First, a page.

Whether one likes Mr. Rudd or not, I think that, as Susie O'Brien for the Herald Sun wrote:

"In the end, it's just about recognising that marriage matters and that love should be legally recognised in marriage, regardless of the gender of the couple.
It's really not a big deal, so let's just get on with it."


*~*~*


As part of this blog hop, I will give away one ebook copy of my current release, "City of Jade," a historical m/m romance set in the twelfth century, on the Silk Road from Constantinople to Hangzhou. Just leave a comment to enter the draw!

And to enter the main Queertown Abbey Blog Hop draw, answer this very simple question in a comment. What was on TV the same night as the Labor Party leadership spill?


KEEP ON HOPPING--ONWARD TO THE NEXT AND OTHER WONDERFUL POSTS!
  • Current Mood: calm calm
I had no idea all of this was happening in Australia. Thanks for the great post :)

The answer to your question What was on TV the same night as the Labor Party leadership spill? is: Rugby and Masterchef
Thanks for reading! It's definitely getting more and more positive for the GBLT community here and I'm very glad to see it.

And correct! :)
OMG, I can't answer that question because that night we went to the school musical. Go into theatre with one prime minister. Come out with another. It was a bit surreal.
(hint: answer is in the post.)

OMG. That would be VERY surreal. I had that when I went to the US - leave Australia while an election is held, spend 3 weeks away with there being no government majority, come home to a Labor government.
Yeah that would be weird. Although the cosmonaut who was on Mir while the USSR broke up probably wins for that kind of experience.
What IS the labor party leadership? M ignorant; I'm American!
Labor is one of the two major parties in Australian politics and the current party in power. They are slightly leftist and the opposition is the Liberal party, which has nothing to do with being liberal as a person, and they are the right wing party, like the Republicans. Whoever leads the Labor party is the one who runs the country--the Prime Minister. So the previous leader, Julia Gillard, was Prime Minister and then she called a vote to make sure she was still the leader. The leader of each party is determined by the party, not the people. The people vote for the party. Julia Gillard was voted out by the party and replaced by Kevin Rudd, who was PM prior to Ms. Gillard, who ousted him before the end of his term, just as he did to her a few weeks ago.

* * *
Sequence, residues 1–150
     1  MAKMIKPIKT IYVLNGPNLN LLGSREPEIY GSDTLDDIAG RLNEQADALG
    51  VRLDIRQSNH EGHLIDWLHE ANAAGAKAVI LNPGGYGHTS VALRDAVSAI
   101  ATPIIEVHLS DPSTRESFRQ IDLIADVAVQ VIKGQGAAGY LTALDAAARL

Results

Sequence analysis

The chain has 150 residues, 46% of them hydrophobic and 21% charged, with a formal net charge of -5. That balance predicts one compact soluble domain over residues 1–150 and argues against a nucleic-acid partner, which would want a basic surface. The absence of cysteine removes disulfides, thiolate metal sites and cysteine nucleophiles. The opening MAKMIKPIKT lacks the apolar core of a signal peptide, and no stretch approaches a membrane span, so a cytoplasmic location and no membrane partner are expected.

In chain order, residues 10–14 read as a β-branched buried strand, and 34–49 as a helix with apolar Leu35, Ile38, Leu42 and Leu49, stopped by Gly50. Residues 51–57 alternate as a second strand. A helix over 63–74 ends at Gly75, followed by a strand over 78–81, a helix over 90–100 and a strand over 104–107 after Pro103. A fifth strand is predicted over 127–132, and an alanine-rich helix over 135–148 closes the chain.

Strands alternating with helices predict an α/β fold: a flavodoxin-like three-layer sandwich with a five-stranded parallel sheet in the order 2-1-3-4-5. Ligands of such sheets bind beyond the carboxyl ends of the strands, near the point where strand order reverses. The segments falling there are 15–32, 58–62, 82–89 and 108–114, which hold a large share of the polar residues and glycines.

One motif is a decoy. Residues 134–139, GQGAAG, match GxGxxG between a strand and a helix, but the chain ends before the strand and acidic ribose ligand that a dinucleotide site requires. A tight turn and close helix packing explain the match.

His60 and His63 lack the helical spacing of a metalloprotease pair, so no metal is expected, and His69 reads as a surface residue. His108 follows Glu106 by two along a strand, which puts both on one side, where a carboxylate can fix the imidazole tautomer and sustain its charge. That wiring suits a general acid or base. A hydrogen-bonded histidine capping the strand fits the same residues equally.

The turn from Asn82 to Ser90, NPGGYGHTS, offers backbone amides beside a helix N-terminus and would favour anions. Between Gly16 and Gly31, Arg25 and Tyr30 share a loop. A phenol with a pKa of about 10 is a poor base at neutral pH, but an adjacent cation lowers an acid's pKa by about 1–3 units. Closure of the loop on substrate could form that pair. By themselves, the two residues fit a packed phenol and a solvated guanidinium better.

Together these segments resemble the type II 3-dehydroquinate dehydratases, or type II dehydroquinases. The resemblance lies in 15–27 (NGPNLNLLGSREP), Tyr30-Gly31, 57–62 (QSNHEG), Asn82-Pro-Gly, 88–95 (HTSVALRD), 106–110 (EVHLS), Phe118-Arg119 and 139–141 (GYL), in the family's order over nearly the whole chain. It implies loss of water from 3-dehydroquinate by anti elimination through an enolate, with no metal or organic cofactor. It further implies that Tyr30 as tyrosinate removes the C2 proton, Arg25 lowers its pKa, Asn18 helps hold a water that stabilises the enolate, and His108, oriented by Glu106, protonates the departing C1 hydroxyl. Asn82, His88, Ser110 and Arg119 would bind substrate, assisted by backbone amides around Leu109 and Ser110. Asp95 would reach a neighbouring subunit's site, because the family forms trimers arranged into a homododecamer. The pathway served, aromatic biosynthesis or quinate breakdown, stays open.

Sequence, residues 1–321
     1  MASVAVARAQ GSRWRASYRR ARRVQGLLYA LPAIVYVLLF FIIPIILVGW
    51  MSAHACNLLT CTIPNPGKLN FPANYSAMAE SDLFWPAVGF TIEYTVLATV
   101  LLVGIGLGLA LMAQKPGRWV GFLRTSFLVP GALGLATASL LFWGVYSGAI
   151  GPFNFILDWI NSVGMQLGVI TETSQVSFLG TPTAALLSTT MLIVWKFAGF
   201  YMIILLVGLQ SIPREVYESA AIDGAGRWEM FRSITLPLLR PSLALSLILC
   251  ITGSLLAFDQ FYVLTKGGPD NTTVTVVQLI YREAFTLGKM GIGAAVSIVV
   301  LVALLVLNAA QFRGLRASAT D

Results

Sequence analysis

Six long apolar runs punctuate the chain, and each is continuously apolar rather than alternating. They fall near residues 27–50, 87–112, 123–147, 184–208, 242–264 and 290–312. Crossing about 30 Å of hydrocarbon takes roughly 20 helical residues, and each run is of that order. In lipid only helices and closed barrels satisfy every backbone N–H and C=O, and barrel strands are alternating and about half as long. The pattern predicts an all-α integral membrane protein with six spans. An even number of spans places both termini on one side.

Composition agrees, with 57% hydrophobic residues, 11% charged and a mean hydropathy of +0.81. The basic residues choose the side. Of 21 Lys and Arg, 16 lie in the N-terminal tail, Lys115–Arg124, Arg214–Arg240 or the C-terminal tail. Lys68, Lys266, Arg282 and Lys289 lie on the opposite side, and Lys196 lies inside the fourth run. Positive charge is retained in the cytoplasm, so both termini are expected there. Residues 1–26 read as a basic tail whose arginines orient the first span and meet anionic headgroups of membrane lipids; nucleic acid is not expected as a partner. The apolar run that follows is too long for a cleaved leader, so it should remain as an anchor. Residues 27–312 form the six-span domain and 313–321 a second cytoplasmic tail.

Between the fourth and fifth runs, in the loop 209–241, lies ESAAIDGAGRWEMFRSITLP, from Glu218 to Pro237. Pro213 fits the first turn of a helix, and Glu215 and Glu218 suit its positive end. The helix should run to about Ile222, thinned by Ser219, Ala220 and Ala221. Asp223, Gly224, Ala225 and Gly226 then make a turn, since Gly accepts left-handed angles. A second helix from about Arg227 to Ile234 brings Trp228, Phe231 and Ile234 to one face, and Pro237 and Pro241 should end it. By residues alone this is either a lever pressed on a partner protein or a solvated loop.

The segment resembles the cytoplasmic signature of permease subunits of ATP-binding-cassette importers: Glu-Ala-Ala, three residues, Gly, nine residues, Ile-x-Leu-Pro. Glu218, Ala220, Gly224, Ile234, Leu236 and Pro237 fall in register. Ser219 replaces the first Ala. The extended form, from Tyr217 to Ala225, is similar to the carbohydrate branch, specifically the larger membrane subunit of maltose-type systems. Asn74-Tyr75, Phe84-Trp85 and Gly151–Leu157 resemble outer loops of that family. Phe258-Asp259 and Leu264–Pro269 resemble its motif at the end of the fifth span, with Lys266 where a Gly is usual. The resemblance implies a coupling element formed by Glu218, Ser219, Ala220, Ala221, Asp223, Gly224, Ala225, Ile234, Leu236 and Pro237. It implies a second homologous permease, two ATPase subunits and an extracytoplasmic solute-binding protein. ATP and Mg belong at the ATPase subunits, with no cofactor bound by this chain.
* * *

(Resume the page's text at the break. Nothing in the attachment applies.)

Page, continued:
I'm not always up on date about what is happening on the other side of the world so I thank you for sharing with us all what is happening.

Thank you for taking part in the hop and for the generous prizes you are offering up.

H.B.
humhumbum AT yahoo DOT com
Rugby and Masterchef was on.Thanks for the post,great information.
cvsimpkins@msn.com
Rugby & Masterchef. Thank for sharing what is going on in Australia. I hadn't heard about any of it.

Wolphcall(at)bellsouth(dot)net
Rugby and Masterchef were on TV that same evening. Thank you for your informative blog post and for participating in the hop!
-Marie

awindandbooks at gmail dot com
I do remember seeing something about that--but glad nobody missed their rugby or Masterchef. I enjoyed your post--and it was educational too. Thanks for posting.

romanczukc AT yahoo DOT com
Good for you guys in Australia! Like you said, bit by bit, we're winning the war. :-)
I don't really hear a lot about Australia over here so I am glad to see that your country is making such strides. It may not be perfect but its a start.
OceanAkers @ aol.com
Thanks for sharing the awesome news! I'm glad we're slowly but surely making progress.

tiger-chick-1(at)hotmail(dot)com